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The South Wales Record Society

The South Wales Record Society was established in 1982 and exists to publish a regular series of texts and other works relating to the history of South Wales, and in particular to the historic counties of Glamorgan and Monmouthshire.

Such publications allow original source materials that would otherwise only be accessible in archives and libraries to be examined by a wider readership. Each text is provided with a scholarly introduction, notes, bibliography, and other glossaries and appendices which enable the original source to be placed in its historical context.

For a subscription of 20 payable annually in April, members of the Society, either individuals or institutions, are entitled to a complimentary copy of the current year's publication and to be kept informed of new publications and of the Society's meetings.

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Recent publications

29. I hope to have a good passage...: the business letters of Captain Daniel Jenkins, 1902-1911. Edited with an introduction by David Jenkins.

It is due to be launched in the Ocean Room of the National Waterfront Museum, Swansea on Saturday 10th December from 11.30am-1.30pm. Further details about the event can be found here.

This volume comprises the text of a 500-page copy letter-book kept by Captain Daniel Jenkins (1871-1922) between 1902 and 1908 and in 1910-11, during periods when he was in command of several Cardiff tramp steamers. These letters are probably unique as it seems likely that they are the sole remaining first-hand record of the trades plied by such vessels in the early twentieth century. What we learn from them is that there was far more to the south Wales shipping industry at the time than simply exporting coal. Not only did the tramp steamers distribute what was at that time the world’s premium fuel source to countries lacking in their own energy resources, but they also played a vital part in the provision of basic foodstuffs for the growing industrial populations of the UK and northern Europe. They add to our understanding of the incredibly complex economy and society that existed in south Wales and beyond in the early years of the twentieth century.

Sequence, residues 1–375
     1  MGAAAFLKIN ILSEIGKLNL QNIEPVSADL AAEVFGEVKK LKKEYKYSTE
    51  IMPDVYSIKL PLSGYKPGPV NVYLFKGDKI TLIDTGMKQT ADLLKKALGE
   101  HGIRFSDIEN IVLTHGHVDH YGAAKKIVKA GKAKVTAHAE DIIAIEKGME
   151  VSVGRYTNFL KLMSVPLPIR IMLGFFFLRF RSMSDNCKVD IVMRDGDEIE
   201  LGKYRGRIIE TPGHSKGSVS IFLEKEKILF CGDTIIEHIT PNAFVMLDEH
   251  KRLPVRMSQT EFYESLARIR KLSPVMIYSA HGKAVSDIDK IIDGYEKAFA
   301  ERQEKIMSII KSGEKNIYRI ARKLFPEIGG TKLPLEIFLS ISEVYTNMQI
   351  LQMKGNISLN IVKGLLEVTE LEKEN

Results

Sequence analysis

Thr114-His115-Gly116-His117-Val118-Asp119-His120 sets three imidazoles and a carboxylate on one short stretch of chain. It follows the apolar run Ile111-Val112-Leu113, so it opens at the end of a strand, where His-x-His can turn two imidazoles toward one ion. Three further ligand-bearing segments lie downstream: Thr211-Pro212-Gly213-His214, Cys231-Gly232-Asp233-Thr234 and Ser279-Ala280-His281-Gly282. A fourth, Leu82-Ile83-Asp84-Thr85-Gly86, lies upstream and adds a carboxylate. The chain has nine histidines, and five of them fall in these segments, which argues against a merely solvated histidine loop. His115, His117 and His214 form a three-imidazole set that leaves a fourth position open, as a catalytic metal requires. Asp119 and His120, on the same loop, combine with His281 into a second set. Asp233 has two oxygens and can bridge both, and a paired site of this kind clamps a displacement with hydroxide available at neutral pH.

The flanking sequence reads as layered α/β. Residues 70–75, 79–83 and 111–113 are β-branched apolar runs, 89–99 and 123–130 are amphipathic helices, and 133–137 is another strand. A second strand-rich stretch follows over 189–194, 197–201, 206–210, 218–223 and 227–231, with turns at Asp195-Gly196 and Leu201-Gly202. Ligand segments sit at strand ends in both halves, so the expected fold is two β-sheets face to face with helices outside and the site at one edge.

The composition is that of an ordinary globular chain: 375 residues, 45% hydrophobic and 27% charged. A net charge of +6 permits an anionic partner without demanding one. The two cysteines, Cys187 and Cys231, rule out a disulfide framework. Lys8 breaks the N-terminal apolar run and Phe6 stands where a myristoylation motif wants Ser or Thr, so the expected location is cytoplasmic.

28. Cas Gan Gythraul: demonology, witchcraft and popular magic in eighteenth century Wales. By T.P., edited by Lisa Tallis.

This unique, relatively short, text offers the fullest treatment of witchcraft in Wales in the vernacular, during the early eighteenth century.

The author shares his own experiences and beliefs and those of his neighbours and acquaintances, by relating his conversations to the reader, giving his work a rich and authentic feel.

Our first bilingual publication, the book was launched at Swansea Museum on 24 October 2015. The editor is pictured here with her family at the event.

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